In a major change from its longstanding advice, an influential medical panel now recommends that women start mammography screening for breast cancer at age 40, which may especially benefit Black women.
In the United States, breast cancer is the second most common cancer and the second leading cause of cancer death. Last year, an estimated 43,250 women died of breast cancer.
The new guidance, from the U.S. Preventive Services Task Force, says women at average risk of breast cancer should start having mammograms, every other year, when they turn 40. For years, the recommendation had been to start at age 50 — though women in their 40s were advised to talk with their doctor and choose what was best for them.
The change, published as a draft recommendation on May 9, brings the task force guidance more in line with what other medical groups advise.
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Those groups — including the American Cancer Society and the American College of Obstetricians and Gynecologists — have long recommended that all average-risk women start mammography screening in their 40s.
Given that, many U.S. women are already getting screened, or at least thinking about it, once they turn 40, says Dr. William Dahut, chief scientific officer at the cancer society.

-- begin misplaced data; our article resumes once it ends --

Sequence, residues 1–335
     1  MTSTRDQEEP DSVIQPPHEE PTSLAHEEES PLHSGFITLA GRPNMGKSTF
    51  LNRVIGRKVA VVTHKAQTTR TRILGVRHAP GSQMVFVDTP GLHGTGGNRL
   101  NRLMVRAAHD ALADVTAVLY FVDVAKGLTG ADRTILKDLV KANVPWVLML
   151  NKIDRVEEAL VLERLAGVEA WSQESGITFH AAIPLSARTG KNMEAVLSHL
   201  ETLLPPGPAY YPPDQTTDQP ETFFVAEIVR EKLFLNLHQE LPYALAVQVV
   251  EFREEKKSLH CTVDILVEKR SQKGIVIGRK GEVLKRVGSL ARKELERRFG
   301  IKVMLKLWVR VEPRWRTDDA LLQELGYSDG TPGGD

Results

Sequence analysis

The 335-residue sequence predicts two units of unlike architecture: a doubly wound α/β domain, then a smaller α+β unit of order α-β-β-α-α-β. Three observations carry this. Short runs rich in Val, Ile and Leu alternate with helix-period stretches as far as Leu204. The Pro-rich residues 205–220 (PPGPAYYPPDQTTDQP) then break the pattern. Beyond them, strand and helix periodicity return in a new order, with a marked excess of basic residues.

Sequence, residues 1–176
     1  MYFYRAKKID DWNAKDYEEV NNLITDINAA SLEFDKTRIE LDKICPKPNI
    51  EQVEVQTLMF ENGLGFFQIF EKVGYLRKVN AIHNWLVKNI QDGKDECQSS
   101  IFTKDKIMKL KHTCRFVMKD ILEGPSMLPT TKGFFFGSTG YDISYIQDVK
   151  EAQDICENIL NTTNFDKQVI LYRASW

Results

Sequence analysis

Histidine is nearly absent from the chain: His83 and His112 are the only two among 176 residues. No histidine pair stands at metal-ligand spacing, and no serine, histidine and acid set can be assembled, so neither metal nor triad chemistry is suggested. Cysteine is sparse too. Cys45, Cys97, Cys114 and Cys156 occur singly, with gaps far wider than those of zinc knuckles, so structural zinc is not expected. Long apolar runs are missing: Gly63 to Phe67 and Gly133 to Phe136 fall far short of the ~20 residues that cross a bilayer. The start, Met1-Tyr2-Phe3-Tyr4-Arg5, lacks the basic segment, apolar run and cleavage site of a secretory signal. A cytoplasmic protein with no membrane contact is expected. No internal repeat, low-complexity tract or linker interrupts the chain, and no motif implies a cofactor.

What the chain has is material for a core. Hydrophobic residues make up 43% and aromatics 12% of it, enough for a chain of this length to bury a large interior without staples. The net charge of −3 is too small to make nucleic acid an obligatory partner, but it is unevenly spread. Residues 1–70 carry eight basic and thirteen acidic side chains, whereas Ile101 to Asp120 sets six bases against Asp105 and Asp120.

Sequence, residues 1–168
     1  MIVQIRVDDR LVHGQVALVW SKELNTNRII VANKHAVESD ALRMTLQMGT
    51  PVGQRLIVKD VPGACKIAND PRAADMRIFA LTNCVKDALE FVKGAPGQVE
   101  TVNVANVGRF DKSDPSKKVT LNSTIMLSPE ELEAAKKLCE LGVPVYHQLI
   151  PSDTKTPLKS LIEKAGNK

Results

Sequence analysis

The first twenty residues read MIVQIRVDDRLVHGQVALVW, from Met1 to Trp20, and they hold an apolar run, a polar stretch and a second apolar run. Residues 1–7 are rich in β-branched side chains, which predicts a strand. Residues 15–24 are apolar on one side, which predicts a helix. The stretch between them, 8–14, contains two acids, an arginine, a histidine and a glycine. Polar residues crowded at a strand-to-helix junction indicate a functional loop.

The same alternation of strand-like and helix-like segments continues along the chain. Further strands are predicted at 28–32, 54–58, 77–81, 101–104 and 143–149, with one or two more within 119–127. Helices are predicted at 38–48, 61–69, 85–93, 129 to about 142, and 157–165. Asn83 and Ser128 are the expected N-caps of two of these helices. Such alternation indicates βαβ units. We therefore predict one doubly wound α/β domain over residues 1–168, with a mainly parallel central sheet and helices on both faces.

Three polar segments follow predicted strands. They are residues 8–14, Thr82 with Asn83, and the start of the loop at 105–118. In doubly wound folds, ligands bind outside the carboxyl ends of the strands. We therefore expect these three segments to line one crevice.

But he also saw the new recommendation as good news.
“I hope this eliminates any confusion among the primary care doctors who advise women on screening,” Dahut adds.
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Why the change?
The USPSTF is an independent panel of medical experts, funded by the government, that analyzes the research evidence on various preventive medical services — like cancer screenings — and makes recommendations on who should have them, and how often.
It also periodically updates those recommendations to consider the latest research. The panel last updated its breast cancer screening recommendations in 2016.
Dr. John Wong, a task force member, explains what drove the change in starting age. For one, he says, breast cancer rates are